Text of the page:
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Amazon Employees Plan a Walkout at Seattle Headquarters, Say Morale Is at an 'All-Time Low' The organizers hope the walkout will include nearly 1,000 participants.

By Madeline Garfinkle Edited by Jessica Thomas

Opinions expressed by Entrepreneur contributors are their own.

Bloomberg | Getty Images
The Amazon Spheres, part of the Amazon headquarters campus, in the South Lake Union neighborhood of Seattle, Washington on Jan. 19, 2023.

Amazon employees at its Seattle headquarters have planned a large-scale walkout over frustration with the company's recent practices, The Washington Post reported.

Sources close to the matter claim employees are fed up with the tech giant's recent layoffs, return-to-office initiatives and climate commitments.

"Morale feels like it's at an all-time low," an Amazon employee who is based in Los Angeles but plans to participate in the walkout told the Post. "In meetings and one-on-ones with colleagues, there's so much uncertainty and lack of clarity from leadership. … It's an unsettling time to work at Amazon."

Related: Amazon Employees Are Fighting on Slack About Returning to the Office

Sources also told the outlet that organizers hope up to 1,000 people will participate in the walkout, which will take place on May 31.

"We respect our employees' rights to express their opinions," an Amazon spokesperson told Entrepreneur.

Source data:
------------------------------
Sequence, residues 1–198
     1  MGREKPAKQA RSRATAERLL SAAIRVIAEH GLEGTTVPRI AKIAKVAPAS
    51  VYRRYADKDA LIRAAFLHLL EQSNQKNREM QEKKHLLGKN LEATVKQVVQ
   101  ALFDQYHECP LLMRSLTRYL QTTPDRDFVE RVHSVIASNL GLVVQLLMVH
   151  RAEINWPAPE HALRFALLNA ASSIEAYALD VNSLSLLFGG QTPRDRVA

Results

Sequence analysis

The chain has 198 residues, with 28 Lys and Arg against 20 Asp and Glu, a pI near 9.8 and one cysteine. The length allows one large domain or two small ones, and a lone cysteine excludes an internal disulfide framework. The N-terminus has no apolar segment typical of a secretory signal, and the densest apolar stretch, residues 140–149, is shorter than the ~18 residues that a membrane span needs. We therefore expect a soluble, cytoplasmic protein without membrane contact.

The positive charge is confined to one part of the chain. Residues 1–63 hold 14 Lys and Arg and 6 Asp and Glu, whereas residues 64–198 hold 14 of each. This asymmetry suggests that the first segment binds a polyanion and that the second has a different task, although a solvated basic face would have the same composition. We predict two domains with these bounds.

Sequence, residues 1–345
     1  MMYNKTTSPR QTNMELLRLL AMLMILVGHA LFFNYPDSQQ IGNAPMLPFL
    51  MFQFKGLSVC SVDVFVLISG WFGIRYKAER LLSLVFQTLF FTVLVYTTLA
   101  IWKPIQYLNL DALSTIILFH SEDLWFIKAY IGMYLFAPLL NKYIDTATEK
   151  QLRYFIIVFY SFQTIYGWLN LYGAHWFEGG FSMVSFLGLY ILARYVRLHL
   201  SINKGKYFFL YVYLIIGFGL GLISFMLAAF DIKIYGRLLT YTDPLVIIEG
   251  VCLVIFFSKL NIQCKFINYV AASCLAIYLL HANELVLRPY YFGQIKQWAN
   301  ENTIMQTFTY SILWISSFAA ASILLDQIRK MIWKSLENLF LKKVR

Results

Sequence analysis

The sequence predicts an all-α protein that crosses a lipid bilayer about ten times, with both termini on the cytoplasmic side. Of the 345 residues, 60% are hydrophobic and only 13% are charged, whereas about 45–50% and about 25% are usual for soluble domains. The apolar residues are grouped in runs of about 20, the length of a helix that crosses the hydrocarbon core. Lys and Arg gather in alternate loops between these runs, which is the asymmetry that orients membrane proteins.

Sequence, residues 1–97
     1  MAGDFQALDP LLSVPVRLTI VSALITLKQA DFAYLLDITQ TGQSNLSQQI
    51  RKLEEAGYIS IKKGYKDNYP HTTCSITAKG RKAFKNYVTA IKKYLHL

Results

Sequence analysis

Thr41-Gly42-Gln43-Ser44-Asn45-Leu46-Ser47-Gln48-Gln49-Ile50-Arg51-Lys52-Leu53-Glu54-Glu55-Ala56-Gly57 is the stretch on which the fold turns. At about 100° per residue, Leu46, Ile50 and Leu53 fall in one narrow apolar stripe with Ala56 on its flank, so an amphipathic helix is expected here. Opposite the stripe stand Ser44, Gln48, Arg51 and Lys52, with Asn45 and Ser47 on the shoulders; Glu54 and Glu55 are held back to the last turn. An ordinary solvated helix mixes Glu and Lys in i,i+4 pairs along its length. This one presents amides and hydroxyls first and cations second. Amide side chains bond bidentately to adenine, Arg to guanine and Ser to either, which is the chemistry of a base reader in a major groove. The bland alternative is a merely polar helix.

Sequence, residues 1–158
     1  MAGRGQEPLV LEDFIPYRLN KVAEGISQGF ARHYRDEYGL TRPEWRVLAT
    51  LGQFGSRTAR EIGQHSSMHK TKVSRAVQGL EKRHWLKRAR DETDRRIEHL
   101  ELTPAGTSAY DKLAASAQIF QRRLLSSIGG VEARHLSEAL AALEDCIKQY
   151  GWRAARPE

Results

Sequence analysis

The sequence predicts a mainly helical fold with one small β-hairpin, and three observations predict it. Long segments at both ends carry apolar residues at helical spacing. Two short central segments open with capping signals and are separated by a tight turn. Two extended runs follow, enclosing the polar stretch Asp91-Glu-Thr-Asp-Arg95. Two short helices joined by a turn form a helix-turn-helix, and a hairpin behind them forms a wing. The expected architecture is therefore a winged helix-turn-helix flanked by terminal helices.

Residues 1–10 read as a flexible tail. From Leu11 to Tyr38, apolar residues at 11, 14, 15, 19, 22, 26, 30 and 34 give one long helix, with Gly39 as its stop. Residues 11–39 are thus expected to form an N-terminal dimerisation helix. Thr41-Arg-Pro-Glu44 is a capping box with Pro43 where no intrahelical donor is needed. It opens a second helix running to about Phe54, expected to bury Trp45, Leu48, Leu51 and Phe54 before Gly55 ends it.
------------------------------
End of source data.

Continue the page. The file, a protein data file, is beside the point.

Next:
Over the past six months, Amazon has laid off about 27,000 employees as the company acknowledged it overhired during the pandemic. The ecommerce giant first laid off 18,000 employees in November, and then another 9,000 in March. Although layoffs aren't the only reason workers are frustrated with the company, it's a factor, according to the sources.

Related: Whole Foods to Lay Off Hundreds of Corporate Employees in Company-Wide Restructuring of Certain Teams

"We're really walking out to show leadership is taking us in the wrong direction and employees need a say in the decisions that affect our lives," a Seattle-based software engineer for Amazon told The Seattle Times.

Despite some employees' frustration about returning to the office, the spokesperson said that there has been "good energy" on the Amazon campus.

"We've heard this from lots of employees and the businesses that surround our offices," the spokesperson added. "As it pertains to the specific topics this group of employees is raising, we've explained our thinking in different forums over the past few months and will continue to do so."

Madeline Garfinkle

News Writer

Madeline Garfinkle is a News Writer at Entrepreneur.com. She is a graduate from Syracuse University, and received an MFA from Columbia University. 

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